Working as a volunteer probably also means that you are working alongside some seriously great people, by anyone's standards. For myself, this can in itself be very difficult, as I end up holding myself to an extremely high standard. I always feel like I want to keep up with those around me, and contribute my fair share (or maybe even more) to the group effort. But everyone, inevitably, has bad days and bad weeks. And at those times you might have to take more time in your room, or on walks, or doing absolutely nothing. Ironically, although I can recognise when others are doing that and completely respect them for doing so, when I do so myself I feel as if its undeserved for one reason or another.
When speaking with volunteers and ex-volunteers both in Greece and at home, there is always a common theme of conversation about the sense of guilt that comes hand-in-hand with this line of work. It’s not something that exists only when you come home, but also when you’re on the ground. As well as the obvious existential guilt about the situation, you also feel guilty on a more personal level. You feel bad because you could have done more, or handled something better. You wish you'd spent longer on a lesson plan, or stopped in for tea with a person you haven't seen for a while. Often one might even feel guilty for not practicing self-care enough - not going for a run, not calling your parents. When you aren’t working towards a specified quota, you are your own biggest judge.
On both the individual and the more global level, I’ve often found myself overwhelmed by the seeming injustice that the people who are attempting to help with something in their own wee way are the ones who become wracked with a guilt that not everybody seems to feel. That’s not to morally exalt one group of people over another – it’s more to recognise that this feeling isn’t extinguished simply by working more, doing a stint of volunteering, or practicing more self-care. That deeper sense of responsibility is a feeling that is quick to build up, but very difficult to shift. Perhaps it ought not be shifted - or at least not entirely. Guilt can be a positive thing, when it is used to motivate positive action. And yet becoming enraptured by it, at least in my case, can also be extremely demobilising. There might be some sort of balance to be found, and in my case I'll be spending the next wee while searching for it.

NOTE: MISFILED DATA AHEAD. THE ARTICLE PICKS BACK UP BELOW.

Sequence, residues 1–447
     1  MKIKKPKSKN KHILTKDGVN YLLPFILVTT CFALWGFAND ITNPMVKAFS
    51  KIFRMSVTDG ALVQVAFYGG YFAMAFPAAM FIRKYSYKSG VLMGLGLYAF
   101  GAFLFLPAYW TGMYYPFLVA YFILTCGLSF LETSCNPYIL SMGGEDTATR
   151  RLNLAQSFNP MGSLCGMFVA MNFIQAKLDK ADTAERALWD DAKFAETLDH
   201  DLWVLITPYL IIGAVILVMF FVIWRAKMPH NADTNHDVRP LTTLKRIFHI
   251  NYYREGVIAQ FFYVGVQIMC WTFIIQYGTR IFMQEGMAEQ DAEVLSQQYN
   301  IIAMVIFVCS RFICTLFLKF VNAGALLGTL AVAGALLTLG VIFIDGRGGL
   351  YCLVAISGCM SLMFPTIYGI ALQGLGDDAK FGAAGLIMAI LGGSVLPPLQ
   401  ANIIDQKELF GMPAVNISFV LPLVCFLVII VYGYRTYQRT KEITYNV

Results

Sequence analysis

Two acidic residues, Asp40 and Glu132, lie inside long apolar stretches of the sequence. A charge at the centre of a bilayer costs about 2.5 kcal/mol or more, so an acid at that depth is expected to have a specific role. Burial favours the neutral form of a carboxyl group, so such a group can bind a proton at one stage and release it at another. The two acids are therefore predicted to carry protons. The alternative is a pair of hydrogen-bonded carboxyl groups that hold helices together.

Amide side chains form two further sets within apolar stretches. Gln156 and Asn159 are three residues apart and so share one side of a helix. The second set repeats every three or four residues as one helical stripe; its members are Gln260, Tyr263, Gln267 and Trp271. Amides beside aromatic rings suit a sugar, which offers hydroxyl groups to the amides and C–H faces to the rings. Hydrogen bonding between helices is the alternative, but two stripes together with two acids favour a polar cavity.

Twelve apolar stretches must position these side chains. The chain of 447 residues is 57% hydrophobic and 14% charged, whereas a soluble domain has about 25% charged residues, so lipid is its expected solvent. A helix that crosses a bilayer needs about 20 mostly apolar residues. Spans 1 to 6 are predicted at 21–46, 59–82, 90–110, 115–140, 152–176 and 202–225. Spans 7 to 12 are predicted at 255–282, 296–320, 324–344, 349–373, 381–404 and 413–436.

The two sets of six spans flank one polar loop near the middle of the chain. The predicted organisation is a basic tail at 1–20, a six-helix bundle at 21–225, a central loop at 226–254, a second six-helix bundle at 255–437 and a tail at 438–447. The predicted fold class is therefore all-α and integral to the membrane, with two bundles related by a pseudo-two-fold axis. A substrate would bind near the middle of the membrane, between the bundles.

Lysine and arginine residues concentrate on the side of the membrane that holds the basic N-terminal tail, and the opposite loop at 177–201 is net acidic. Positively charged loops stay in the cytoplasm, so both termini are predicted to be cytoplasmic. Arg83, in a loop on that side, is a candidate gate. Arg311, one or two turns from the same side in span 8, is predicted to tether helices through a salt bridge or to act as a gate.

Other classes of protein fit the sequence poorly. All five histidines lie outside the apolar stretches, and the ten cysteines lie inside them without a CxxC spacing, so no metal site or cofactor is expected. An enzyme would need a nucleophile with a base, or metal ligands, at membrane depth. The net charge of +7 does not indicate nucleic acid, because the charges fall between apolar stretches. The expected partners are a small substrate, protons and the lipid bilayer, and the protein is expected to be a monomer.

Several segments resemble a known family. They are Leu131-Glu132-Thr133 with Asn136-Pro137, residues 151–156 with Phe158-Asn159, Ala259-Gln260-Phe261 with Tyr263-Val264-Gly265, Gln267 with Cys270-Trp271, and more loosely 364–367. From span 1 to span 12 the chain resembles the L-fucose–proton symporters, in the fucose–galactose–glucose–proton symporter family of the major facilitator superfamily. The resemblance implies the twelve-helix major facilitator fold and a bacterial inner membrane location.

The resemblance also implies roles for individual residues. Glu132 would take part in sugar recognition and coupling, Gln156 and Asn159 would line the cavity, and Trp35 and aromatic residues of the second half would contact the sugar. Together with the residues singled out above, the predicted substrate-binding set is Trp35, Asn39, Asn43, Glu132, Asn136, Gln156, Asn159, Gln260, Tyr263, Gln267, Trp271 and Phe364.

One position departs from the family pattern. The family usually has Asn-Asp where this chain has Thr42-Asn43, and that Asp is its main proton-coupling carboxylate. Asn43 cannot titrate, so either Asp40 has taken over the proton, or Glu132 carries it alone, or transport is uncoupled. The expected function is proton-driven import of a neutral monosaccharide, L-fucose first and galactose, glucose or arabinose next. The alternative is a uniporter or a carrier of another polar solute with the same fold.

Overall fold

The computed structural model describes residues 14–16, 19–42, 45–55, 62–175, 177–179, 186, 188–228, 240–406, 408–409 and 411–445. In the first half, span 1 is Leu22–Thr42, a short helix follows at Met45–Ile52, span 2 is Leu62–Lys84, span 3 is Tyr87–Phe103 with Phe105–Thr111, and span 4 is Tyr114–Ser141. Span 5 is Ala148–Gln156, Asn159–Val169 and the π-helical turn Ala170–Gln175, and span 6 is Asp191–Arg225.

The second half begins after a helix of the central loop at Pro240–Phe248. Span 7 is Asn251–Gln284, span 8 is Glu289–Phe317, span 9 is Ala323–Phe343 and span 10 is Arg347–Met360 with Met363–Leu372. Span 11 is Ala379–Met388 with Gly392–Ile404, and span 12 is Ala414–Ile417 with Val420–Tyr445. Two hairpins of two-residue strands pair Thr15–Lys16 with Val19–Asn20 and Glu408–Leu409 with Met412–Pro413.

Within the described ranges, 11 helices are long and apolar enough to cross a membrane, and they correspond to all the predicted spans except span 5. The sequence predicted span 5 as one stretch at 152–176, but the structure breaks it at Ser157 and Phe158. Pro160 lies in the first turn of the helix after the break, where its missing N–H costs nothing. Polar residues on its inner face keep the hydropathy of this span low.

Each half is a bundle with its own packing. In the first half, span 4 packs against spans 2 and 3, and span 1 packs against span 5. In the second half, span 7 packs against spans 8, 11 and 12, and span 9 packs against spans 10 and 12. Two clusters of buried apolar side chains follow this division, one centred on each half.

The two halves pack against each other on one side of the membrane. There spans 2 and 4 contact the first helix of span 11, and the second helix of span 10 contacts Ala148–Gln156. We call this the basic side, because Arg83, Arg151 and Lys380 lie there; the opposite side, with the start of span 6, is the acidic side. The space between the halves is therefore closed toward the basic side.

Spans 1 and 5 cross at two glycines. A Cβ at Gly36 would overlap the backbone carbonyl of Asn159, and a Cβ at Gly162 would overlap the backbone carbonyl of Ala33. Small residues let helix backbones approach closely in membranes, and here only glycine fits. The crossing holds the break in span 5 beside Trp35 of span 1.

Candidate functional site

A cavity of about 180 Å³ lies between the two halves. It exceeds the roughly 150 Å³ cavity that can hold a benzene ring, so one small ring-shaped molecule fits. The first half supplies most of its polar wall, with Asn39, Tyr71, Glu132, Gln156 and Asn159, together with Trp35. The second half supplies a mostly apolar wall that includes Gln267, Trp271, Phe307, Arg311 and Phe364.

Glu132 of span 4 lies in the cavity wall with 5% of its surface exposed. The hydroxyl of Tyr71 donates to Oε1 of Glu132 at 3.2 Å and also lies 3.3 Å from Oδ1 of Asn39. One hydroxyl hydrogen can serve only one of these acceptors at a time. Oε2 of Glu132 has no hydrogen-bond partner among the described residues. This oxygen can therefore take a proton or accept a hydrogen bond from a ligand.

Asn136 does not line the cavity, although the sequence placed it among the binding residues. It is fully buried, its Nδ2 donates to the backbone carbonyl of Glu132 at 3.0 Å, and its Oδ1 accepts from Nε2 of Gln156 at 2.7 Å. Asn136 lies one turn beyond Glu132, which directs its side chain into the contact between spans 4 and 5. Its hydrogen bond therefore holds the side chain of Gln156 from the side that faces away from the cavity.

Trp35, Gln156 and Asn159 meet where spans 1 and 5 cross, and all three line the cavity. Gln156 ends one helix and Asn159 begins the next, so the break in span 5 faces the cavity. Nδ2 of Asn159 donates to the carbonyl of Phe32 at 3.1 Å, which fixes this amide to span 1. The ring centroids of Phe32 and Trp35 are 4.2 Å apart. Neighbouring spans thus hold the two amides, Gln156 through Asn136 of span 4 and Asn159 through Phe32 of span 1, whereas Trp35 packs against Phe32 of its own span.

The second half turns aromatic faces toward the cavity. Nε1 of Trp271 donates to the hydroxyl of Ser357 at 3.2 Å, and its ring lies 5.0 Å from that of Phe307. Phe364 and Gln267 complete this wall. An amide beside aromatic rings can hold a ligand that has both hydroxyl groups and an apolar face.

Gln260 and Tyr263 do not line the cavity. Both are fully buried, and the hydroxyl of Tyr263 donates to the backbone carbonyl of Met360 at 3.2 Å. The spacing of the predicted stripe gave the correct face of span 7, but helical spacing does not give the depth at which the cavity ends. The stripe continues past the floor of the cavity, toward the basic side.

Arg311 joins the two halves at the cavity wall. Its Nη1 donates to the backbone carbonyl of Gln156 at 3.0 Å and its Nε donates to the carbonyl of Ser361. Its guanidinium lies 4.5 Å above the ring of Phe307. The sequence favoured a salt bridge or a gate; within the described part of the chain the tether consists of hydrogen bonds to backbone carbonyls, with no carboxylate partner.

Self-care is, from my what I can tell, an ideal. It’s something that volunteer organisations should work towards and try to make provisions for, but it might also be something that, without a lot of practice (which nobody really has time for), can never be fully realised. Of course, it's still a discussion that's very much worth having, and the practice of self-care ought to be respected and taken extremely seriously - by volunteers, ex-volunteers, and really anyone who's having a bit of a rough time. It might simply be that in reality, as with many things in life, we attempt to shoot for the stars, and try to get everyone into a perfect headspace; and then we actually end up reaching the moon, where everybody does their best and muddles their way through with a little help from Mark and Jez.
(Song - Belle & Sebastian, Play for Today)